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Washington Square

Chapter 8
If it were true that she was in love, she was certainly very quiet about it; but the
Doctor was of course prepared to admit that her quietness might mean volumes.
She had told Morris Townsend that she would not mention him to her father, and
she saw no reason to retract this vow of discretion. It was no more than decently
civil, of course, that after having dined in Washington Square, Morris should call
there again; and it was no more than natural that, having been kindly received on
this occasion, he should continue to present himself. He had had plenty of leisure
on his hands; and thirty years ago, in New York, a young man of leisure had
reason to be thankful for aids to self-oblivion. Catherine said nothing to her father
about these visits, though they had rapidly become the most important, the most
absorbing thing in her life. The girl was very happy. She knew not as yet what
would come of it; but the present had suddenly grown rich and solemn. If she had
been told she was in love, she would have been a good deal surprised; for she
had an idea that love was an eager and exacting passion, and her own heart was
filled in these days with the impulse of self-effacement and sacrifice. Whenever
Morris Townsend had left the house, her imagination projected itself, with all its
strength, into the idea of his soon coming back; but if she had been told at such a
moment that he would not return for a year, or even that he would never return,
she would not have complained nor rebelled, but would have humbly accepted
the decree, and sought for consolation in thinking over the times she had already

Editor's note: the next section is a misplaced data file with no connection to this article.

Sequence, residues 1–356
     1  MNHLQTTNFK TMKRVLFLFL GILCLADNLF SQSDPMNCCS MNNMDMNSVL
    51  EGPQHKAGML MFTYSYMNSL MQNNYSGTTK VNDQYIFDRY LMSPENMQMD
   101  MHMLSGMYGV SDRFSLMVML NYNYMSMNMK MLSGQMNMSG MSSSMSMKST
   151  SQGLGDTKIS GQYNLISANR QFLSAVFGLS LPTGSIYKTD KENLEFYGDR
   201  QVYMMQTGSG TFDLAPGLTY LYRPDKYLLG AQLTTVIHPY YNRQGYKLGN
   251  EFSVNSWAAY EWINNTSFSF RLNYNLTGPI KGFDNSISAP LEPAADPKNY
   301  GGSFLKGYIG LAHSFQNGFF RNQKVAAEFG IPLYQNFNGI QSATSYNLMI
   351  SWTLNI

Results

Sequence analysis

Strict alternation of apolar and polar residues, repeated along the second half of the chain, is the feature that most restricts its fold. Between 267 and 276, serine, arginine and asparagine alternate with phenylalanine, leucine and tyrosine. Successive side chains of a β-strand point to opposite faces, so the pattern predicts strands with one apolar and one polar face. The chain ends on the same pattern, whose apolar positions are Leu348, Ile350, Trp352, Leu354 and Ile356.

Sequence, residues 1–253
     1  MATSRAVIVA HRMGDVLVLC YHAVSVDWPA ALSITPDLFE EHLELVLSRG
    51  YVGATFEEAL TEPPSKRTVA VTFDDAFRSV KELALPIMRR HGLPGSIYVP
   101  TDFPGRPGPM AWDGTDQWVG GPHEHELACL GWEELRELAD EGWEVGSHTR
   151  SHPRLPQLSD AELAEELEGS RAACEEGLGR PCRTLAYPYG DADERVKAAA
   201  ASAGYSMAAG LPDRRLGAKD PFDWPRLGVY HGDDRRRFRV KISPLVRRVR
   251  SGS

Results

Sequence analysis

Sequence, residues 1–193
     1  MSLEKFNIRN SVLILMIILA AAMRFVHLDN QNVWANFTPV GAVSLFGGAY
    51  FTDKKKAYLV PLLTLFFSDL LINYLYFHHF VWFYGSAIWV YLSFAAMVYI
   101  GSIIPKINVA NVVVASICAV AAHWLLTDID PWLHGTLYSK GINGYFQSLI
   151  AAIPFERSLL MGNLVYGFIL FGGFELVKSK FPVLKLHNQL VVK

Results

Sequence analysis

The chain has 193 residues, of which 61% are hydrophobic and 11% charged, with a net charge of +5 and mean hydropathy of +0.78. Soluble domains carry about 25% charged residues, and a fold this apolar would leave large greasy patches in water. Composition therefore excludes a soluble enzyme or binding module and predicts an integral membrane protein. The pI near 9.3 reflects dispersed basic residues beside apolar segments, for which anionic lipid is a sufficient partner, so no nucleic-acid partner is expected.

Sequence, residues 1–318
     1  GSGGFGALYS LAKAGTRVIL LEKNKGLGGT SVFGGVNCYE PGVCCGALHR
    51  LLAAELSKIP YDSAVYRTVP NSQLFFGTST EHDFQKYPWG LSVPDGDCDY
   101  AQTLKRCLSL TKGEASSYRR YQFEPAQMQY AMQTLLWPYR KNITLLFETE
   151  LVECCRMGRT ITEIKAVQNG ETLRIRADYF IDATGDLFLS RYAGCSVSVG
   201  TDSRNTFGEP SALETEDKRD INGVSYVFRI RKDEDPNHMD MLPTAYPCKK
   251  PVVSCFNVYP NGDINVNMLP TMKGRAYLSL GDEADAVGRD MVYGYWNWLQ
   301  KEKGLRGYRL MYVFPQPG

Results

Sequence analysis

seen him, the words he had spoken, the sound of his voice, of his tread, the
expression of his face. Love demands certain things as a right; but Catherine had
no sense of her rights; she had only a consciousness of immense and
unexpected favours. Her very gratitude for these things had hushed itself; for it
seemed to her that there would be something of impudence in making a festival
of her secret. Her father suspected Morris Townsend's visits, and noted her
reserve. She seemed to beg pardon for it; she looked at him constantly in
silence, as if she meant to say that she said nothing because she was afraid of
irritating him. But the poor girl's dumb eloquence irritated him more than anything
else would have done, and he caught himself murmuring more than once that it
was a grievous pity his only child was a simpleton. His murmurs, however, were
inaudible; and for a while he said nothing to any one. He would have liked to
know exactly how often young Townsend came; but he had determined to ask no
questions of the girl herself--to say nothing more to her that would show that he
watched her. The Doctor had a great idea of being largely just: he wished to
leave his daughter her liberty, and interfere only when the danger should be
proved. It was not in his manner to obtain information by indirect methods, and it
never even occurred to him to question the servants. As for Lavinia, he hated to
talk to her about the matter; she annoyed him with her mock romanticism. But he
had to come to this. Mrs. Penniman's convictions as regards the relations of her
niece and the clever young visitor who saved appearances by coming ostensibly
for both the ladies--Mrs. Penniman's convictions had passed into a riper and
richer phase. There was to be no crudity in Mrs. Penniman's treatment of the